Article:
So you don’t want to pay for your education: you want me to pay for it through higher taxes, eh? Sorry, kids, Economics 101: There is no such thing as a Free Lunch.
5 Begin a fast track process to bring the fossil fuel economy to an end while at the same bringing the alternative energy economy up to energy demand.
Great. No problem. But the problem here is Big Government. When it stops interfering in the market place with its massive regulations, when it gets out of the way of our nation’s entrepreneurs, we will begin to see progress here—and not before.
6 One trillion dollars in infrastructure (Water, Sewer, Rail, Roads and Bridges and Electrical Grid) spending now.
Again: this money is going to be provided by whom? The Government? And where does the Government get this money? Besides, spending on infrastructure is right at 2.5 percent of the GDP. That’s the highest it’s been in 60 years.
7 One trillion dollars in ecological restoration planting forests, reestablishing wetlands and the natural flow of river systems and decommissioning of all of America’s nuclear power plants.
Let’s see, now. The EPA is spending around 10 billion a year, so this means he wants 100 years of spending over a period of . . . how long? And where is this money going to come from? And if we get rid of dams and nuclear power plants, this will mean we have to rely more heavily on coal and natural gas: how does this square with Number 5? Think people, think!
8 Racial and gender equal rights amendment.
See what I mean? Go read the 14th Amendment, son.
9 Open borders migration. anyone can travel anywhere to work and live.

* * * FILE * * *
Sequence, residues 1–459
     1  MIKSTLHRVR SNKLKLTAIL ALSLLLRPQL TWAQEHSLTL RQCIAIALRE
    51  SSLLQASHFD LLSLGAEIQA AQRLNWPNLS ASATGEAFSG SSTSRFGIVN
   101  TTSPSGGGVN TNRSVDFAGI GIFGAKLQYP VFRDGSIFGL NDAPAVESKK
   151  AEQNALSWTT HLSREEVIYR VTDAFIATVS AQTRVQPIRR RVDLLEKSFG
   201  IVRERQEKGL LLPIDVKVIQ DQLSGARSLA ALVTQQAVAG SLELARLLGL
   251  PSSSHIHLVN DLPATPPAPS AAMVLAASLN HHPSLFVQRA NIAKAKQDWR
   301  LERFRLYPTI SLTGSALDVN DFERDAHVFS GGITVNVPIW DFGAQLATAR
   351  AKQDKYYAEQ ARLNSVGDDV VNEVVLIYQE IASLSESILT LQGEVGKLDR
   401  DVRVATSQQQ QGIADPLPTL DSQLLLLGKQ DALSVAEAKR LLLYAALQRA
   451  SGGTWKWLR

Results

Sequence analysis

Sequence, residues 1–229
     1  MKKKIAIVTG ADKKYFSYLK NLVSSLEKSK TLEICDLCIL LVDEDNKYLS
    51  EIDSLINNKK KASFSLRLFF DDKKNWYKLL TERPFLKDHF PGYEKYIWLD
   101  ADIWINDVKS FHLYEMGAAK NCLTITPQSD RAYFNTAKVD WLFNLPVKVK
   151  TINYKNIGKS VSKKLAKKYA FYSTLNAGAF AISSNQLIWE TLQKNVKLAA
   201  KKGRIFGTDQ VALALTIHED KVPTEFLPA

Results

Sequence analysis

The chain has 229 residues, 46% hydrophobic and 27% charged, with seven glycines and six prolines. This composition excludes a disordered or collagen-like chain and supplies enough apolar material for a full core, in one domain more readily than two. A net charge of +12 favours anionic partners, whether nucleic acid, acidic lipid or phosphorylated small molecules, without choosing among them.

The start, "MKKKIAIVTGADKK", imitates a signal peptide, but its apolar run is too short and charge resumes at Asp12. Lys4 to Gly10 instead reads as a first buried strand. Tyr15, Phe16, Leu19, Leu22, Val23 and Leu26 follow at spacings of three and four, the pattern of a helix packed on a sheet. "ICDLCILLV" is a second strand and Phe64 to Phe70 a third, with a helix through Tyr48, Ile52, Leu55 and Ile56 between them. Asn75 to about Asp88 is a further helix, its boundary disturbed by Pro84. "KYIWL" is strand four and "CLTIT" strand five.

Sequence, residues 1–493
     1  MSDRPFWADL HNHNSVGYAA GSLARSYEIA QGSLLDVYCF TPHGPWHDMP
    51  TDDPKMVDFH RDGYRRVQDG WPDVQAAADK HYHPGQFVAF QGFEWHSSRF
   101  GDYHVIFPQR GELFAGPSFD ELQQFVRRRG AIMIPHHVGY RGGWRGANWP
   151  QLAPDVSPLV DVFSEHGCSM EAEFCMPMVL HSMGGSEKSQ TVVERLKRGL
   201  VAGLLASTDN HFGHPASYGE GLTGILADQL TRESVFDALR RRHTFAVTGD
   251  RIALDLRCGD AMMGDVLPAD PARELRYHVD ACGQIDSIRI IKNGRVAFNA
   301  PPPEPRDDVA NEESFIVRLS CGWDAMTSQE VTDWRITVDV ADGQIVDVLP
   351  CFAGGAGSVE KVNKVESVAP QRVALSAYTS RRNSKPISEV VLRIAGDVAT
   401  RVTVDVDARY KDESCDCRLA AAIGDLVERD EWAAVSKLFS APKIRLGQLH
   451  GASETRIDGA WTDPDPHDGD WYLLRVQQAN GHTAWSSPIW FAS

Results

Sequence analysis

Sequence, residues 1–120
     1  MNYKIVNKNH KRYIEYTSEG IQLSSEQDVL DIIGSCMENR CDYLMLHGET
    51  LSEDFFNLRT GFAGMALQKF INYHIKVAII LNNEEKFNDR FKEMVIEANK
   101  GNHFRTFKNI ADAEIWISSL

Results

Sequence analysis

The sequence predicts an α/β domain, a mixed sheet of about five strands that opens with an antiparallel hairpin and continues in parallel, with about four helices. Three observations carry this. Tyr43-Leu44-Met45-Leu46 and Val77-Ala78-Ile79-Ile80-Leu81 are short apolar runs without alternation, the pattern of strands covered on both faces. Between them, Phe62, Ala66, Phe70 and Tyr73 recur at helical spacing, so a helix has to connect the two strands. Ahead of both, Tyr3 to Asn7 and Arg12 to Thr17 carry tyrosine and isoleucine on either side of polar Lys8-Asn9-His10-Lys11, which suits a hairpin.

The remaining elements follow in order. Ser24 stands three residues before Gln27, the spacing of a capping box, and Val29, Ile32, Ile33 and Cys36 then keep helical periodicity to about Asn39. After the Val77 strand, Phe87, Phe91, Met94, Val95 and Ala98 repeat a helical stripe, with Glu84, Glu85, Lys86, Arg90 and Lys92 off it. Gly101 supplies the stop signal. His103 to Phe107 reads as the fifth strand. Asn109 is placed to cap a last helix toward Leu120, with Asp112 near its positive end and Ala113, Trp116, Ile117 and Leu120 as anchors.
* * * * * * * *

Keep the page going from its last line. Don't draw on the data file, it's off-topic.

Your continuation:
“Give me your tired, your poor, your huddled masses yearning to breathe free,” your terrorists, and your diseased yearning to bring this nation down. Whoa!
10 Bring American elections up to international standards of a paper ballot precinct counted and recounted in front of an independent and party observers system.
OK. No problem here, except I think all he needed to demand was honest vote counts. Computers can do this, unless he just has a thing against technology.
11 Immediate across the board debt forgiveness for all. Debt forgiveness of sovereign debt, commercial loans, home mortgages, home equity loans, credit card debt, student loans and personal loans now! All debt must be stricken from the “Books.” World Bank Loans to all Nations, Bank to Bank Debt and all Bonds and Margin Call Debt in the stock market including all Derivatives or Credit Default Swaps, all 65 trillion dollars of them must also be stricken from the “Books.” And I don’t mean debt that is in default, I mean all debt on the entire planet period.
This is a great strategy for doing away with lending altogether. These people are not only ignorant of the laws of economics; they are clueless as to the nature of human beings.
12 Outlaw all credit reporting agencies.
Sure. The credit agencies were major players in the housing bubble, but the only way they could get away with lying to their customers was the fact that Big Government protected them from the laws of supply and demand but did not protect customers from fraud. This is crony capitalism at its “best.”
13 Allow all workers to sign a ballot at any time during a union organizing campaign or at any time that represents their yeah or nay to having a union represent them in collective bargaining or to form a union.
How about the Government requiring secret ballots where neither management nor unions can place undo pressure on workers to go with either group? This way, they can do what they believe is in their best self-interest without fear of being smacked down by management or the unions.
If any of you know someone all caught up in this mob, send him or her some early Christmas gifts:
Economics in One Lesson, Henry Hazlitt
The Anti-Capitalistic Mentality, Ludwig Von Mises
The Law, Frederic Bastiat (You can get a free online copy of this book)